The UBE allows a score on the bar examination to be transferred to another state, allowing licensure in more than one state without taking a second bar examination. Frequently, law school graduates must choose a jurisdiction before they have secured employment. Once employed, they discover they are required to be licensed in a different jurisdiction. If both states have adopted the UBE, the first state’s score is

[1] UBE States | UBE Exam | NCBE (

Another way for an attorney licensed in one state to “transfer” their license to another state is through reciprocity—one state recognizes the license of another state and allows that attorney to practice law in the second state. States have different regulations regarding whether they will acknowledge and accept a license to practice law obtained in another state.

As with original licensing regulations, each state determines for itself whether to recognize an attorney’s license from another state. Some states do not allow reciprocity at all, including California, Florida, and Nevada. Other states allow reciprocity only from states that allow reciprocity of its own license. Both Missouri and Kansas recognize this mutuality of admission without examination.[1]

In order to be eligible for reciprocity, sometimes called admission on motion without examination, most states require a set number of years that the attorney must have been engaged in the active practice of law. Five years is a typical minimum required number of years. Some states also require the attorney to have graduated from an ABA-approved law school.

[1] Mo. Sup. Ct. R. 8.10; Kan. Sup. Ct. R. 708.

The National Conference of Bar Examiners undertook a substantial research project beginning in 2018 to identify the legal knowledge and skills entry-level attorneys are expected to have or learn within the first three years of practice, and to determine whether and how those competencies should be assessed on a bar examination. Since then, the NCBE has been working on developing and implementing a new style of bar examination—commonly referred to as the NextGen Bar Examination, shorthand for the Next Generation Bar Examination.

Starting in 2022, the NCBE anticipates a four- to five- year development process with an anticipated debut in July 2026. NextGen is not a mere revision of the current bar exam, but an almost complete reiteration. Although short essays and multiple-choice questions will be included, they will not be styled as the MEE and MBE, i.e., no 200 multiple- choice questions in one day. Some MBE-style questions will be included, but not in the same number. The MPT will be kept somewhat intact, though it will probably be shorter. The exam is intended to be all online. The exam will not be two full days, so time will be available for states to include individual components if they wish.

NextGen aims to lessen the burden on examinees by eliminating several topics and subtopics. The only substantive topics that will remain are:

  • Civil Procedure
  • Constitutional Law
  • Contracts (including UCC Article 2 Sales)
  • Criminal Law and Procedure
  • Evidence
  • Property
  • Torts
  • Business Associations

The Bar Exam Content Scope Outlines[1] identify the subtopics to be tested and divide them into two groups. The first group is identified with a star symbol. This group requires you to rely solely on recalled knowledge, i.e., memorization of rules. The second group of subtopics may be tested with or without provision of legal resources. If no authority is provided, you are expected to have sufficient recalled knowledge to identify issues.

When jurisdictions begin adopting the NextGen exam, other jurisdictions may still use the UBE exam for a few administrations. The NCBE has announced that the UBE will also be limited to these substantive topics. The NCBE has indicated that it may begin moving to the narrower content scope outlines in the UBE sooner than the NextGen exam’s inaugural administration. Whether and when that will hap­pen is unknown.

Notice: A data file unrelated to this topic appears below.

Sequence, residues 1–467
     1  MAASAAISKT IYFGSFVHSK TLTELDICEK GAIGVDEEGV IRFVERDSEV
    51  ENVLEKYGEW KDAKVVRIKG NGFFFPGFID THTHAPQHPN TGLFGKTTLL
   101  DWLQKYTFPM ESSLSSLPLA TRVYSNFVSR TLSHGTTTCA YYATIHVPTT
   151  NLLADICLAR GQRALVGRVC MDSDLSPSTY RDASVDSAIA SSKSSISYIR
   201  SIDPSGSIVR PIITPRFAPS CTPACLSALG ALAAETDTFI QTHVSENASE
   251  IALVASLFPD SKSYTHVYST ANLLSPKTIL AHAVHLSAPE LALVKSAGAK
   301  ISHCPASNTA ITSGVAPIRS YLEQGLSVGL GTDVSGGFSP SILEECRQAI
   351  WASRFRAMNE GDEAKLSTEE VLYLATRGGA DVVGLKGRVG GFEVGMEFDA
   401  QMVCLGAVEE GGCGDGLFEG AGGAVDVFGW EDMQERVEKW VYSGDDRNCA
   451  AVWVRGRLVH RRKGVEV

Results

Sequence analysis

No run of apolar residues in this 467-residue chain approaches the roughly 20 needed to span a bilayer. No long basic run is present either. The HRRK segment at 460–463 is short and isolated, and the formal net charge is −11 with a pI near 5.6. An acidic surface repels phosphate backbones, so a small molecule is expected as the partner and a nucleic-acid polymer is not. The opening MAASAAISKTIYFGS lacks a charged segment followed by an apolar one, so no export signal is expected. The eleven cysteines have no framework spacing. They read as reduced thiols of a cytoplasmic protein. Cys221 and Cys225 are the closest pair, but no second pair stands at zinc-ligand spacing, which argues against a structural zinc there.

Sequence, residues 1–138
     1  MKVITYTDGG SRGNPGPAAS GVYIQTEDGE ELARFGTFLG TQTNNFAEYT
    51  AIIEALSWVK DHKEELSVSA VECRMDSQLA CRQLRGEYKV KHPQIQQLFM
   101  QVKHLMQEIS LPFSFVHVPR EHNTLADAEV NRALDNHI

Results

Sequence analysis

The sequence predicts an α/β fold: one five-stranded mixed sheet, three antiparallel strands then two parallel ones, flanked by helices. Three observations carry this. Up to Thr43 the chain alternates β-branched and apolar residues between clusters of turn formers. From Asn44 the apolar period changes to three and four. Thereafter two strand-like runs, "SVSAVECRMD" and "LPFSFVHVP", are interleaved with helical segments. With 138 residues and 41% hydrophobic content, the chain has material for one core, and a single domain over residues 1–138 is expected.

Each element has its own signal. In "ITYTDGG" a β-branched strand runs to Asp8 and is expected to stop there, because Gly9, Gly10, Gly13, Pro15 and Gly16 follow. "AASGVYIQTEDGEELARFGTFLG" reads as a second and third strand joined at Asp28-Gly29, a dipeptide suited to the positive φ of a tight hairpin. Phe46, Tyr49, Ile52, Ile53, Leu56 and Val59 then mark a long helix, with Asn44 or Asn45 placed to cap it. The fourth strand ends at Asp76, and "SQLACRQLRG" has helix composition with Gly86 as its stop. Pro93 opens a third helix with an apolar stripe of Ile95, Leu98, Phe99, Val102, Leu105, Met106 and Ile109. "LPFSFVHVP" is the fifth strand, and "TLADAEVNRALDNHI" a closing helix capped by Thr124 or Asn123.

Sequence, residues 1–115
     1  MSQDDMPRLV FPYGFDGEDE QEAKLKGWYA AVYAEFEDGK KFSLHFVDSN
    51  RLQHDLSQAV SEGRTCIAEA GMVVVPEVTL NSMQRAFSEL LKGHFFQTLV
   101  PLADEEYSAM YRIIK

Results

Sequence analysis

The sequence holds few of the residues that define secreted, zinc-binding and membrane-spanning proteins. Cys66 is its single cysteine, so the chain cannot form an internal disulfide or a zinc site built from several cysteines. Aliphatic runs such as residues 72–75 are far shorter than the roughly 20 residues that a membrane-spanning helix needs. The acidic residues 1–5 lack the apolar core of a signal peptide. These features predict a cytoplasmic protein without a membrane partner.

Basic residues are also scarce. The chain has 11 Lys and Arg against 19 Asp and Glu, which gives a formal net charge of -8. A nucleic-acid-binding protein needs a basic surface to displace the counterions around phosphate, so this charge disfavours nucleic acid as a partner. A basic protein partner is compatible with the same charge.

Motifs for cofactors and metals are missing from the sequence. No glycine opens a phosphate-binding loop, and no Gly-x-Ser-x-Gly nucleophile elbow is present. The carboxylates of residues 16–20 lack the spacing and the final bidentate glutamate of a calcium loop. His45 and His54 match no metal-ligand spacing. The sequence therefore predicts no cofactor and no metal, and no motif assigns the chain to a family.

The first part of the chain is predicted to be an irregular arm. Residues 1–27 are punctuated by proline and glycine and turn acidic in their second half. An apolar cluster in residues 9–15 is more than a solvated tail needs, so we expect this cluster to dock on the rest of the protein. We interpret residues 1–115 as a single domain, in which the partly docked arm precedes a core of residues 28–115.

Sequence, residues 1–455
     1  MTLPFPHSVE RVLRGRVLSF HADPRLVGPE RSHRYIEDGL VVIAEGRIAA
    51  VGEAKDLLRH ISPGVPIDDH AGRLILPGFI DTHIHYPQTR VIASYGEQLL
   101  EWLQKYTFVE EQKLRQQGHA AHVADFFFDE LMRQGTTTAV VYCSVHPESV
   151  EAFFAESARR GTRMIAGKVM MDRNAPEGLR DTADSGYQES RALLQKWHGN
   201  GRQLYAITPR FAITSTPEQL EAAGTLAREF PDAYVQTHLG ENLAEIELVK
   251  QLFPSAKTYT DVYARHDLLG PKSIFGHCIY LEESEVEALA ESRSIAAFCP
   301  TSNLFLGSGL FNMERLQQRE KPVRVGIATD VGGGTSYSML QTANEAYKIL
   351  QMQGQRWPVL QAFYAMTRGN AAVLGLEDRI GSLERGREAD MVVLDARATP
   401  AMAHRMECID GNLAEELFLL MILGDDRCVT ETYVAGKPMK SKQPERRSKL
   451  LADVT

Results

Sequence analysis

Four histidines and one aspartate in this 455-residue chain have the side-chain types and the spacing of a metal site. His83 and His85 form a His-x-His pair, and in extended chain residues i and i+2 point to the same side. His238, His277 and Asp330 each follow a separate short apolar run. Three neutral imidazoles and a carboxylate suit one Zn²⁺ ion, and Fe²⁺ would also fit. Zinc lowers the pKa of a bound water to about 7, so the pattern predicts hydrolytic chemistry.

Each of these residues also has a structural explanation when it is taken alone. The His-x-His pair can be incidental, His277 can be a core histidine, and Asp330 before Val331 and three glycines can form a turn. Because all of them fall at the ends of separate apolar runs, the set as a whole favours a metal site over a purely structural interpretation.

In addition to the foundational concepts in the eight topics, the NextGen exam has identified seven foundational skills that will also be assessed:

  • Issue spotting and analysis, investigation, and evaluation
  • Client counseling and advising, negotiation and dispute resolution, client  relationship and management
  • Legal research
  • Legal writing and drafting

The NextGen exam will integrate one or more foundational skills in context of a scenario that raises one or more substantive or procedural legal issues. In addition to similar essays, multiple- choice, and performance tests as on the UBE, NextGen will add short answer question format as well as fill- in- the- blank items.

NextGen will be challenging for law schools to adapt in how to prepare their students for the bar exam, and it will be challenging for examinees with so much unknown. The NCBE’s proposed timeline for the implementation of the exam assures us that sufficient information will be provided when the time comes and UMKC School of Law will be ready.


Preparing for the bar exam is usually daunting and stressful. For UMKC law students, that stress is lessened by participating in the UMKC Bar Prep Program. The Program is a supplement to a commercial provider’s course and focuses on strategies to answer questions in each topic area, recommended study methods including mind-maps, and one-to-one interaction with professors to ask questions and lessen stress.

The UMKC Bar Prep Program is nationally recognized for its ability to improve its students’ chances of passing the bar exam on their first try. The key to our success is weekly practice essays and two to three half-day practice exams. Students are provided individualized feedback on each essay and MPT from professors and essay graders who excelled on the exam. 

UMKC graduates who actively participate in the Program have outstanding success—far exceeding the state passage rate. Indeed, active participants have reached 100% on more than one occasion. Since its inception in 2003, over 2000 students have been active participants in the UMKC Bar Prep Program. Those participants have passed the bar exam on their first try at a rate of 95.35%. Bottomline, our students know that it’s up to them and the Program is here as their coach to help them over the finish line.